Before he proffered idiotic, racial remarks, former Los Angeles Clippers’ owner Donald Sterling was widely considered the worst owner in the history of sports. He didn’t pay his players. He wasn’t a winner. He was cheap.
Now, we don’t mean to compare the Scottsdale City Council to Donald Sterling. After all, the city is one of the great municipal franchises in America. And right now it has a point guard in City Manager Jim Thompson widely liked and respected by all factions on the council, and the public at large.
That’s because, unlike his predecessors, Thompson isn’t afraid to make decisions. He views his job as getting to policy destinations, not about their journey. Thompson seems to relish in the complicated while still understanding the big picture. And while everyone has an ego, Thompson leaves his at the door, rightfully understanding who his bosses are. The seven people on City Council and those that elect them.
All of this means Thompson has become a hot commodity in City Manager world. After stints in Casa Grande and Bullhead City, assuming the same chair in Scottsdale has put him to the bigger leagues. Unlike others who get to the show Thompson can hit curveballs, and others are noticing. With a salary and compensation package that is middling to lower middling compared to his peers, Thompson is a prime trade or free agent target for any city.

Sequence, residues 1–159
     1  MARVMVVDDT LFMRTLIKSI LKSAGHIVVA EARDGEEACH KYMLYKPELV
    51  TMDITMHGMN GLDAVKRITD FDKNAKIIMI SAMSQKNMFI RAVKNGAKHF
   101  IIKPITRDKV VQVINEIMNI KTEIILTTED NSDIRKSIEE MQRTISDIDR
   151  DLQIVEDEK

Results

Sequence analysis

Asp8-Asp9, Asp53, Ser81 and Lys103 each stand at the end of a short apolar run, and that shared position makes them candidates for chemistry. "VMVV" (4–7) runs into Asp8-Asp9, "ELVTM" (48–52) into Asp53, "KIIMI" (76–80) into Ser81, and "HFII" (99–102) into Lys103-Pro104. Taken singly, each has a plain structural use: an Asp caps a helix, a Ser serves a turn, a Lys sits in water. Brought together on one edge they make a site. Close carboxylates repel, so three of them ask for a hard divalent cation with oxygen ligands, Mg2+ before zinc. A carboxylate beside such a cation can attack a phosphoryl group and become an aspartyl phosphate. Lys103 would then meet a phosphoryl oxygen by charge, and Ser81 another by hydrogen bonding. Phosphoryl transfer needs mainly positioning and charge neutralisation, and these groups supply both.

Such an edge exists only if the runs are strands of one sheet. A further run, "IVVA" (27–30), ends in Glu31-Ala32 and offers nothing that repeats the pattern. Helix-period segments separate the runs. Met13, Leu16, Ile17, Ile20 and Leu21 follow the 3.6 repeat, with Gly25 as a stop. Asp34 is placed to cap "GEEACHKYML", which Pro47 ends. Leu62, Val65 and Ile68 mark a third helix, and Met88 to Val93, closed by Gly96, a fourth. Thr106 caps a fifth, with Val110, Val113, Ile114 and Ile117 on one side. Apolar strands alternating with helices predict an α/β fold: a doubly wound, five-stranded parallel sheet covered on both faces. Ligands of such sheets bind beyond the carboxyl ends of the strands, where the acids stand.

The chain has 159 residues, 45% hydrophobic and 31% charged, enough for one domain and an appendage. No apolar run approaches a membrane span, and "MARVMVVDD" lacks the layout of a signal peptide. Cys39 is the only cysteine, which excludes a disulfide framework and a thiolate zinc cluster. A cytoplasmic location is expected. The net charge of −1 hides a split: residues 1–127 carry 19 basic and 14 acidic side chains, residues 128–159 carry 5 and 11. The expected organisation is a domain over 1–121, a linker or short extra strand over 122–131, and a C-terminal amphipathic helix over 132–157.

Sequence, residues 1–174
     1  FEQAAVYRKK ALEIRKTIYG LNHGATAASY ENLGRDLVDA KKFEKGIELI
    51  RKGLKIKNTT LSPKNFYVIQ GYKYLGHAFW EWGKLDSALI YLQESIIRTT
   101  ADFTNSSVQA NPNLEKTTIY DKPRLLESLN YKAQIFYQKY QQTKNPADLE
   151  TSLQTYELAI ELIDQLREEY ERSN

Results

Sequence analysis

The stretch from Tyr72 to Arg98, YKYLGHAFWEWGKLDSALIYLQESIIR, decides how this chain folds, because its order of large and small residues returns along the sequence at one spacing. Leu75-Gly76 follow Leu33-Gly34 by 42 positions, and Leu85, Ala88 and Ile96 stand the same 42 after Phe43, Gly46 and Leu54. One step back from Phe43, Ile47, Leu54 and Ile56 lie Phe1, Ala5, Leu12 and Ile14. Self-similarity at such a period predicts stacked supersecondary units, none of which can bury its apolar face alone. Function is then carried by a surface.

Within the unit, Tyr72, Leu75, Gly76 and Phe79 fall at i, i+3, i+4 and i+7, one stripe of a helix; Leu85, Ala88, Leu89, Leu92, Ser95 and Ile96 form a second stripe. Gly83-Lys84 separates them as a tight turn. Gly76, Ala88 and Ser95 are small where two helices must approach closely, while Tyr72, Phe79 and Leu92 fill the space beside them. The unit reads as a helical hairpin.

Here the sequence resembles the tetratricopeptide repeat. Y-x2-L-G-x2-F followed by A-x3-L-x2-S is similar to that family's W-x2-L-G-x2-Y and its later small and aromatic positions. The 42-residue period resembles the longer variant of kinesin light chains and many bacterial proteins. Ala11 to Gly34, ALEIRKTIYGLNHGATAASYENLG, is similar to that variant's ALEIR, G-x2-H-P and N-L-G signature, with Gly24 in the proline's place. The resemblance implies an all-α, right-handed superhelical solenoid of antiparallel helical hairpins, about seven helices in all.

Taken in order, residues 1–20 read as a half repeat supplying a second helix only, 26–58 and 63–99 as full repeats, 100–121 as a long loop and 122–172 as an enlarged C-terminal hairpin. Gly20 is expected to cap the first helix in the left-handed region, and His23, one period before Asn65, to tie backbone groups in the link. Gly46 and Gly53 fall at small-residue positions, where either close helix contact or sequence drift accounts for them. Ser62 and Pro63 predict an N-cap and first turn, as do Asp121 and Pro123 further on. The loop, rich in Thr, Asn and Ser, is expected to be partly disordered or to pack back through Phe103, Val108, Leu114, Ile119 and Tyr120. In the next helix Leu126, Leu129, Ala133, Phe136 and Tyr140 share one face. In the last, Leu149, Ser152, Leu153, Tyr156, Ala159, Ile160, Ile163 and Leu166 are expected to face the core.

That’s why Scottsdale needs to step up during this budget season and recognize the work ethic and result that Thompson has provided the city. In other words, don’t be like Donald Sterling. The city became a laughingstock for its city manager turnover for numerous, previous years. Now it has stability. And smarts.
Unlike sports there are really not “long-term” agreements in municipal government. But the Scottsdale City Council should come as close as it can, rewarding a consummate and courageous public servant so he stays on the team. This is especially important as the city contemplates the most significant moment in its recent past or near future, a critical bond package headed to the ballot in November, 2019. Thompson, along with the City Council and public, have had a lot to do with crafting a smart, sensible package. Let’s keep the team in place, even rewarding those that have put the city on the verge of a big win.